Protein and amino acids can be supplemented to horses in many different forms including; pellets, powders, tubs, and more. However, it is important to understand your horse’s protein requirements so you do not accidentally over-supplement.
What do amino acids do for horses?
Amino acids are the building blocks of proteins. The horse needs the appropriate amino acids to support tissue growth and repair. Amino acids also play an important role in metabolic processes, such as forming neurotransmitters and maintaining body tissues.
There are 21 different amino acids that build proteins in the body. The horse can synthesize 12 of those on their own. The other 9 need to be provided in the diet .
These 9 amino acids are called “essential amino acids” because it is essential that these be part of the horse’s diet. Good quality hay and feed usually contain these essential amino acids at appropriate levels.
Amino acid supplements for horses become important when you are using low-quality feed or when you are worried about rate limiting amino acids.
In the horse, lysine, methionine and threonine are the most limited in the diet, therefore they are rate limiting amino acids. These amino acids can be supplemented by themselves or provided through common feedstuffs. If the horse does not have all amino acids working together, then muscle development, hair coat, hoof growth, and other processes will be stunted.
The best source of amino acids for horses
Amino acids are provided in the diet in the form of protein. Soybean meal is considered the “ideal” protein source for horses because of the amino acid composition and concentration of lysine, the first limiting amino acid.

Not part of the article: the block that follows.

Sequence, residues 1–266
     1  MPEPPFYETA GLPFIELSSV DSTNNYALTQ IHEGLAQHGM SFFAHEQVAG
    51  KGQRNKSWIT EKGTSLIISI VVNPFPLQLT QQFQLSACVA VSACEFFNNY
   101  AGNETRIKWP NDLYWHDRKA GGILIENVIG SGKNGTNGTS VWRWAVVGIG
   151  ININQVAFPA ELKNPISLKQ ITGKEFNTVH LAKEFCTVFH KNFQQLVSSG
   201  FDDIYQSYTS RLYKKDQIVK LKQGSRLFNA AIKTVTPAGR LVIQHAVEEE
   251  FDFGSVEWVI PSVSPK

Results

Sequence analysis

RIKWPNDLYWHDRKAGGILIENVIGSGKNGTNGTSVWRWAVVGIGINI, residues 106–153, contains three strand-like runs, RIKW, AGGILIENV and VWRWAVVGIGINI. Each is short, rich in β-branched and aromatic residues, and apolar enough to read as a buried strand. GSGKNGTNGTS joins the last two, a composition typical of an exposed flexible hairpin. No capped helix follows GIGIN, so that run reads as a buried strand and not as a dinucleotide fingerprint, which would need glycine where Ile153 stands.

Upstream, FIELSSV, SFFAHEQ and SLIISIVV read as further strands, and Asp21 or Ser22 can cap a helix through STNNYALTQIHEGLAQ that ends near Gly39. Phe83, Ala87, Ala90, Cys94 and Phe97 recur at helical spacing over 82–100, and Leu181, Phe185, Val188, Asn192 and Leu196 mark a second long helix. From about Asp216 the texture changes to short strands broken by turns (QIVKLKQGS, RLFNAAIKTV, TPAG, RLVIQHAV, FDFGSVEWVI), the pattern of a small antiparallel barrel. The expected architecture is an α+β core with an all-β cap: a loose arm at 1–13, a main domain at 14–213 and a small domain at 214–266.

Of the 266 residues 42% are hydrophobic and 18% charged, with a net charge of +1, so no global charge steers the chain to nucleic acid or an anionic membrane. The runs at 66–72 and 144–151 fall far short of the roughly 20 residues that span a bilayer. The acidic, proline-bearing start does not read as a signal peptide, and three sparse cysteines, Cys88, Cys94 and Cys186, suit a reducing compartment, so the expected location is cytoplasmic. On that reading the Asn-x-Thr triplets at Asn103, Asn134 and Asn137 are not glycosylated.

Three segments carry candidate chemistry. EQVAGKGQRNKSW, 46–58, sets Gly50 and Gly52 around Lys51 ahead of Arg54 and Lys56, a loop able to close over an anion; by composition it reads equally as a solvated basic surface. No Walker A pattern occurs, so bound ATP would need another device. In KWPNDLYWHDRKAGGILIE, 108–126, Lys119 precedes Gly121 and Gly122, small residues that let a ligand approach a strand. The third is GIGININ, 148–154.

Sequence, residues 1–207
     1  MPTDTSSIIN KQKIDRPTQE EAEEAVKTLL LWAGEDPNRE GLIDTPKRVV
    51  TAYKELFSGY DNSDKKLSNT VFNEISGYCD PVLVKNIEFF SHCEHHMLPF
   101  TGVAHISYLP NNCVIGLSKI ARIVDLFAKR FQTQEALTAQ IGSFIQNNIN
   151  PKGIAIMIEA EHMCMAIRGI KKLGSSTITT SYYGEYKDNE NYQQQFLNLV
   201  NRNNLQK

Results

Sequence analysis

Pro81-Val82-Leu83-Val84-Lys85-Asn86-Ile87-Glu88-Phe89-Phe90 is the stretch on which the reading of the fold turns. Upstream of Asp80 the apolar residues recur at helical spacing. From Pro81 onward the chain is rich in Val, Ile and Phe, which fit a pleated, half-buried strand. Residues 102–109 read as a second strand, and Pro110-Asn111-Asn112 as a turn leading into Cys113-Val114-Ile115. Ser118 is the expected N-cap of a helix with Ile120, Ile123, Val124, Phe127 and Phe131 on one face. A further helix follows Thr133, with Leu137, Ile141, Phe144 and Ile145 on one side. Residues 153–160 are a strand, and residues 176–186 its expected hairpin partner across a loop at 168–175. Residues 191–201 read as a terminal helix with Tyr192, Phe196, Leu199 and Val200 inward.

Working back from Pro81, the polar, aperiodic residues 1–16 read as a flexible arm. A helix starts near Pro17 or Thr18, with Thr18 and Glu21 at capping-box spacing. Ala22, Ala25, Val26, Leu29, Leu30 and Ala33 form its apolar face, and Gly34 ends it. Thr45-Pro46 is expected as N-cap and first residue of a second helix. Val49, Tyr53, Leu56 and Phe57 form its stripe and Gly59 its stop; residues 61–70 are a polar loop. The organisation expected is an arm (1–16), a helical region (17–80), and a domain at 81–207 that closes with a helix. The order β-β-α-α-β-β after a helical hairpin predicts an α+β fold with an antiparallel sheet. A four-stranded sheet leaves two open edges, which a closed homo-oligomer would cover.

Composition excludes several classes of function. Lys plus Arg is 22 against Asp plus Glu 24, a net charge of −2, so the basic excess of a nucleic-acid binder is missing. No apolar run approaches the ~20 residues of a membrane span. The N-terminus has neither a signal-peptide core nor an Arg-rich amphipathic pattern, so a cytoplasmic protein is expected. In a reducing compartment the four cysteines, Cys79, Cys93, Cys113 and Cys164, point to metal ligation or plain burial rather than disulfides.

The National Research Council (NRC) has defined standard crude protein (CP) requirements for horses. Crude protein means the total amount of protein in the diet. The average CP maintenance requirement for the horse is 1.08-1.44 g/kg BW/d.
The range of CP requirements encompasses pregnant horses, growing horses, exercising horses, and pasture horses.
Horses that are pregnant, lactating, exercising, or growing have additional CP requirements above maintenance. Horses that need additional CP can obtain them through high protein horse feeds and supplements or higher quality forage sources.
Be cautious of overusing protein supplements for horses
Too much of anything can be harmful. Over-supplementation of amino acids can cause excess nitrogen waste from horses. If proteins and amino acids are not used in the horse they have to go somewhere.
In this case excess nitrogen is excreted in the urine as urea. This can have a negative impact on the environment. Nitrogen waste products, such as urea, can build up in a closed barn/stall and cause respiratory issues in the horse.
Another thought is, the more the horse has to metabolize these proteins above its requirements, excess heat is produced. This can be particularly problematic for horses living in hot and humid environments.
As FullBucket’s senior nutritionist, Dr. Amanda Bradbery explains it, “Protein is a very expensive ingredient. Excess dietary protein is not uncommon in mature horse diets, but intentionally overfeeding can be an unnecessary financial burden. However, excess dietary protein often does not create any health problems for horses unless there are pre-existing kidney conditions.”
Maximize your horse’s protein digestion without amino acid supplementation
FulBucket’s equine probiotic pellets are formulated with L-glutamine, which is considered a “conditional essential” amino acid. L-glutamine is the preferred energy source for enterocytes, the cells in the small intestine which absorb nutrients.
Providing L-glutamine in our probiotic supplements helps maintain the integrity of the small intestine, optimizing its capacity for nutrient digestion and absorption, and overall gut health.
Maximize the efficiency of the feed you give your horse (and therefore your wallet!) by using FullBucket’s equine digestive solutions.